Hot Sulphur Springs to Walden: 3 moose sightings in 3 hours
Sunday June 27, 2010, 61 miles (99 km) – Total so far: 2,087 miles (3,359 km)
Another pre-dawn start. Jen and company don’t want to go early, but I’m happy to beat the predicted headwinds again, thanks. There is fog along the river and I have the road completely to myself as I watch the sun rise over the mountains. I ride out in the lane in the sweet spot of the tire groove. I am passed by one overtaking car and see one oncoming car in the 8 miles between Hot Sulphur Springs and the turn-off for Hwy 125. I love this silence where the only sound is my tires on the pavement and the whir of the freewheel when I coast on a downhill. I feel like my head is free and all the thoughts that normally clutter it just disappear into the early morning atmosphere of silence. It is not often I can turn my brain off, so I relish the times like these when my head actually shuts up for a moment.
The turn-off up 125 is a bit steep to start and then there’s a nice downhill into the sun before heading into the shade of the narrower valley. I know that I’m going to pass over the 2000 mile mark today so I keep an eye on my odometer. Just as I’m about to click over I see two moose browsing in the willows down below the road. How awesome – they sent the moose committee out to congratulate me 🙂 I snap a couple photos and then press on in the shade of the valley walls.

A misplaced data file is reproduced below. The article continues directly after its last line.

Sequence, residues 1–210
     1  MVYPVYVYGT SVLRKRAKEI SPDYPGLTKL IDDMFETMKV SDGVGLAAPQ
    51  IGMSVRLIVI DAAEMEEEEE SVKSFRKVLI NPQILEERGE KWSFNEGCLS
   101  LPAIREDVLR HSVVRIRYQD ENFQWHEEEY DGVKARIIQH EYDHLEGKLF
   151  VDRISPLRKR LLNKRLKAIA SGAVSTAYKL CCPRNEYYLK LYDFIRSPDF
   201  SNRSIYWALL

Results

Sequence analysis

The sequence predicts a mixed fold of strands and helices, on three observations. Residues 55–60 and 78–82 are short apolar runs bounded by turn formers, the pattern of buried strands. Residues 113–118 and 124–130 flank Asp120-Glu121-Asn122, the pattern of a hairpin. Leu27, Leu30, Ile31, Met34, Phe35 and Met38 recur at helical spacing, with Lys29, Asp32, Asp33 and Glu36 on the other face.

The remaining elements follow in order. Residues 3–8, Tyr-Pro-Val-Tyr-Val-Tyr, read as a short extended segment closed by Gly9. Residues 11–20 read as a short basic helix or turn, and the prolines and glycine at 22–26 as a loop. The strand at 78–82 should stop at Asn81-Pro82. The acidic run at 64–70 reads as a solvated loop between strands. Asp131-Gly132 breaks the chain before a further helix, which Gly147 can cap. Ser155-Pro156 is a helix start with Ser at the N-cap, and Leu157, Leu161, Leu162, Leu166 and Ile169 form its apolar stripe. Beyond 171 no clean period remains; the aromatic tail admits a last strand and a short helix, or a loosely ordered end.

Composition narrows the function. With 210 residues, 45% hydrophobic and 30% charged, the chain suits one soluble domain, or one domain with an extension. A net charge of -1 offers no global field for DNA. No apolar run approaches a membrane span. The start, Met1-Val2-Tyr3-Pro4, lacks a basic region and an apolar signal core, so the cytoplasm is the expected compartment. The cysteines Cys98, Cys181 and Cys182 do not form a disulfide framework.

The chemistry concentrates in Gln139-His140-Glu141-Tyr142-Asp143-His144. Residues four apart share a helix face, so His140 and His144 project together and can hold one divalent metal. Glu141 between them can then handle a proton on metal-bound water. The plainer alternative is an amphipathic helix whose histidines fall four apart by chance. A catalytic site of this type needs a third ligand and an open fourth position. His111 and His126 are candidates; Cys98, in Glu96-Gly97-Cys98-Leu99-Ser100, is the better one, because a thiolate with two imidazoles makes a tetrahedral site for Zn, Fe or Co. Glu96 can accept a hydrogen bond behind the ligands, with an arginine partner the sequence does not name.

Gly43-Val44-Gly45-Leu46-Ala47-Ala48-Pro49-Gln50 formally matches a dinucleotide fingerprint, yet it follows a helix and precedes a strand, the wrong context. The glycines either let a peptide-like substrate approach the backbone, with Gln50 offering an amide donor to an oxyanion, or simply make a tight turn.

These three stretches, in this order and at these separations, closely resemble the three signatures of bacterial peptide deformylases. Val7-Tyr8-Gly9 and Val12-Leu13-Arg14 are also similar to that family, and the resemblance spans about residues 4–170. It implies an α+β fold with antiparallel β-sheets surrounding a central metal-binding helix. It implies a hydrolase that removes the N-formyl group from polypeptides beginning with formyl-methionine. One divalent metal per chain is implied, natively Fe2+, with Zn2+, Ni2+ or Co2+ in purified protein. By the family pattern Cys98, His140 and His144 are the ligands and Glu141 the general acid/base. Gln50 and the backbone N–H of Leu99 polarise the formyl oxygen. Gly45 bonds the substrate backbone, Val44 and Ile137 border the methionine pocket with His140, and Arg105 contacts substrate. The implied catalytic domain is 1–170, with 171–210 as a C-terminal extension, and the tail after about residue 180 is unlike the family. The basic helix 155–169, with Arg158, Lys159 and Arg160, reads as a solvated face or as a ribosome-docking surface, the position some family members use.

It’s a very gentle climb up and I pass by the first campground when it is still in shade. No one is moving about yet. The next campground is getting the first rays of sun and people are starting to stir. I continue on up the road along the creek – it’s a beautiful ride but this area has been annihilated by the pine beetle epidemic. I fully understand the role of the beetles and the causes and consequences from an ecological point of view. I understand time scales and processes and functions. But from an aesthetic point of view, all I can think is ‘what a shame’.
The pass itself is a quick little climb, just enough to get your heart pumping and the muscles going, and then you’re at the top. It’s 8 am. My ‘golden morning hours’ have served me well again today. In the first couple of hours between 6 and 8 am, I count 10 cars on the road heading in either direction. Between 8 and 8:30, I will count 9. Between 8:30 and 9, I will stop counting at 12. I plan to stop and find a nice place in the sun near the pass summit to wait for Jen and company, but the mosquitoes quickly put an end to that plan. They are ferocious, so I’m quickly heading down the pass to get some relief.
The pass doesn’t have any super steep bits to get any great speed going on the way down, but I do get some excitement. About 2/3 of the way down, just after passing some big stockpiles of dead trees that the Forest Service will eventually burn, a moose walks out onto the road about 75 feet in front of me. Shit! What do I do? I’m doing greater than 20 mph, so I can’t quickly stop. I think the moose thinks the same thing as me, because its head pops up, the moose looks at me, pauses, then starts running down the road in front of me. I’m tailing the moose now, but luckily it only runs down the road for about 10 seconds before taking off into the trees. Sorry!!